I make that distinction with only a slight wink: the place reading occupies in my life is really that of a vice. I apply myself to it like an alcoholic on a drinking binge that never ends; I do it compulsively, for days and hours I have pledged (to myself and others) to spend doing other things. It is no accident that I’ve arranged my adult life such that I can spend a full day reading and then lean on the pretentions of “research” or “craft,” as if I only dip into someone else’s fiction as part of the diligent work of writing my own. I gushed once, at a reading for my first novel, that I “would never love writing the way I love to read,” then felt my cheeks burn when the acclaimed novelist next to me arched one eyebrow.

. . . .

There have been various times, though, when I’ve found myself unable to read anything at all. Those are warnings, usually my first indication that I’m slipping into a blackness that will be slow to shake, periods when what I usually regard as an innate “moodiness” verges into something less manageable.

I sat in my living room in late March and knew that I wanted to guard against this. My fear, my paralysis, was no longer a question of my own projected failures and cultivated neuroses. It was, frankly, a logical response to the roiling world outside the apartment where I’d be hunkered down for the foreseeable future. I needed a reading project, I thought, and the libraries were closed. I stared at my bookshelves.

My books are arranged by color, alphabetized within each shade. The first shelf holds the blue spines, and as you move down the line you pass the reds, the yellows, the blacks and the whites and the shelf reserved for colorful, unclassifiable jackets. In quarantine, I decided, I would read through the shelves in order. I would read every single book I had never picked up. There would be no skipping allowed and no rereading of old favorites permitted. I would have to finish every book. I posted a picture to Instagram, just to make it official, and started the next morning.

. . . .

The “project” did not begin auspiciously. The very first book was A Death in the Family, by James Agee. It was quiet and gray and mournful. It was not what I wanted to read in the third week of March. I would never have picked it up of my own volition, but this felt like someone else’s volition. It was a relief, some organized authority telling me what to do amidst an apocalyptic lack of organization, even if that someone was an amorphous force I’d made up. My brother teased me—why wasn’t I allowed to “break the rules?” But I wasn’t.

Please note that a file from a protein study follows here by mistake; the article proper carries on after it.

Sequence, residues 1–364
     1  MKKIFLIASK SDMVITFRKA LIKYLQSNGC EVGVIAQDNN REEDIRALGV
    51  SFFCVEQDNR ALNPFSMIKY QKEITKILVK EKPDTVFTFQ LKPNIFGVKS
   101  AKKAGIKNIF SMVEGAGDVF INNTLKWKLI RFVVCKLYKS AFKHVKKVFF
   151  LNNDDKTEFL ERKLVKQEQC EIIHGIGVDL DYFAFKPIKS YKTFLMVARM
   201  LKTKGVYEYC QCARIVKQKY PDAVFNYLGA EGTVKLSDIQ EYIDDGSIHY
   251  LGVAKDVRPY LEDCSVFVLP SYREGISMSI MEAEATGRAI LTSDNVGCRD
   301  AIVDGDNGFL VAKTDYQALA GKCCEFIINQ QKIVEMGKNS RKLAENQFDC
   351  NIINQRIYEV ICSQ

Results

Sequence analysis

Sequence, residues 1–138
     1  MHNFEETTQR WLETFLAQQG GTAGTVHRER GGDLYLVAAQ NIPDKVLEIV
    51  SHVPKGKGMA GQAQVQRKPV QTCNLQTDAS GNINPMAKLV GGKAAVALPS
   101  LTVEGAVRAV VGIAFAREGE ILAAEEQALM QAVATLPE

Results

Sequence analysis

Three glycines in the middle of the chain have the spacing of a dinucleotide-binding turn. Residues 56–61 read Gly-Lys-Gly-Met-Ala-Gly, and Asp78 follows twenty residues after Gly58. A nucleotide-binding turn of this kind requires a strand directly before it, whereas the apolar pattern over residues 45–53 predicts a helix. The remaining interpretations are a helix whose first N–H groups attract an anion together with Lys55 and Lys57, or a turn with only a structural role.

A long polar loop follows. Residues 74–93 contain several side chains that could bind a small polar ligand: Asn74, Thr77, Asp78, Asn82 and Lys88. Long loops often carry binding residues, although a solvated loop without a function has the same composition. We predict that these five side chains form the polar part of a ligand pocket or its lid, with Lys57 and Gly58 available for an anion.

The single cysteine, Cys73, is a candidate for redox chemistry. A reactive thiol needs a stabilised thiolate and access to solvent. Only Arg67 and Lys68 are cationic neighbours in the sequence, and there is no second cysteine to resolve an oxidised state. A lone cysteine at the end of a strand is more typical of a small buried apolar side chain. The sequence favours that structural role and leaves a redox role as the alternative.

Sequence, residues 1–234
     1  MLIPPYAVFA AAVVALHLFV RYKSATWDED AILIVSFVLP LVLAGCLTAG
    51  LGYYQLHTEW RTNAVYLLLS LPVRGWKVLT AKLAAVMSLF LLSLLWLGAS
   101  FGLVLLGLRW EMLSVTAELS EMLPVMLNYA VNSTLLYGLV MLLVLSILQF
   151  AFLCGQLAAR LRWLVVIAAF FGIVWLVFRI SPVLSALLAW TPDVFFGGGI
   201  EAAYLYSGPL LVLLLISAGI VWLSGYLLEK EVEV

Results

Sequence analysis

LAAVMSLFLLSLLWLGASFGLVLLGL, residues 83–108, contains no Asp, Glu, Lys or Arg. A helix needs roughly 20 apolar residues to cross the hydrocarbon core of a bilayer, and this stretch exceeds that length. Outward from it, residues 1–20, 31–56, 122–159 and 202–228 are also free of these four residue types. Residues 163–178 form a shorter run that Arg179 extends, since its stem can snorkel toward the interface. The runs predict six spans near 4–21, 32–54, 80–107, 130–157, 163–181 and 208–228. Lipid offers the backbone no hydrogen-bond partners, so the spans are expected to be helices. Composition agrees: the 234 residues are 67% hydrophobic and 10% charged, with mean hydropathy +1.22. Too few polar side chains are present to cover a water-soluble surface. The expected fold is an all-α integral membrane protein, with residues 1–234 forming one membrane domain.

I read Lucia Berlin, whose stories I had been “meaning to read soon” for four years. I read All the Light We Cannot See, a book I’ve discounted in the past surely just because I’m jealous of its eye-popping success, and found it an absorbing, delightful distraction. I read White Noise, which I’m pretty sure I had previously claimed to have read but absolutely never had.

In a serendipitous turn, I picked up The Narrow Road to the Deep North on Mother’s Day, when I was already thinking about my Australian grandmother. She moved to Los Angeles after the war to marry the young American naval officer she met in Sydney, a boy who had survived Pearl Harbor, Coral Sea, and Guadalcanal. Richard Flanagan’s novel is a grueling read, moving from rural Tasmania to mainland Australia to a Japanese POW camp in Burma. But it made me feel, as I read, close to my grandparents again. They are both dead now, and neither one of them was ever greatly interested in telling me about their lives before they settled together in southern California. I asked my grandmother once what had drawn her to him, and she shrugged as she told me simply that he was the first boyfriend who survived. They were two unhappy people, irreversibly scarred by a war that began when they were little more than teenagers. But they stayed married until the day he died. I finished the novel just before Memorial Day.

Link to the rest at The Literary Hub

How to Survive a Pandemic, According to an Academic Publisher

From Publishers Weekly:

Like all businesses, Oxford University Press has responded rapidly to the changing market conditions and customer needs resulting from the Covid-19 crisis. The stages we’ve gone through will be recognizable by anyone in the sector: an initial rush to enable remote working, extensive financial scenario modelling, and then accelerating digital programs and sales in anticipation of a very different-looking post-pandemic world. It’s been demanding, but with lots of learning points along the way.

After reviewing the past four months of our activity and talking to colleagues at other houses about how they’ve responded, I recommend publishers and IP businesses take these five steps to stabilize their operations and position themselves for what comes next. Most of these are simply good business responses, but I hope they are helpful as a checklist.

1.Shorten your planning time horizon and carve out spare bandwidth. In publishing, planning horizons are generally 18–24 months. We’ve shifted ours to six. Which of your activities have the most immediate return? Could longer-term projects be put on hold? Carve out capacity (even if you’re not sure where to deploy it yet) by deciding what you can afford to stop. This shift in perspective will help you identify and redeploy resources to support short-term, opportunistic activities.

. . . .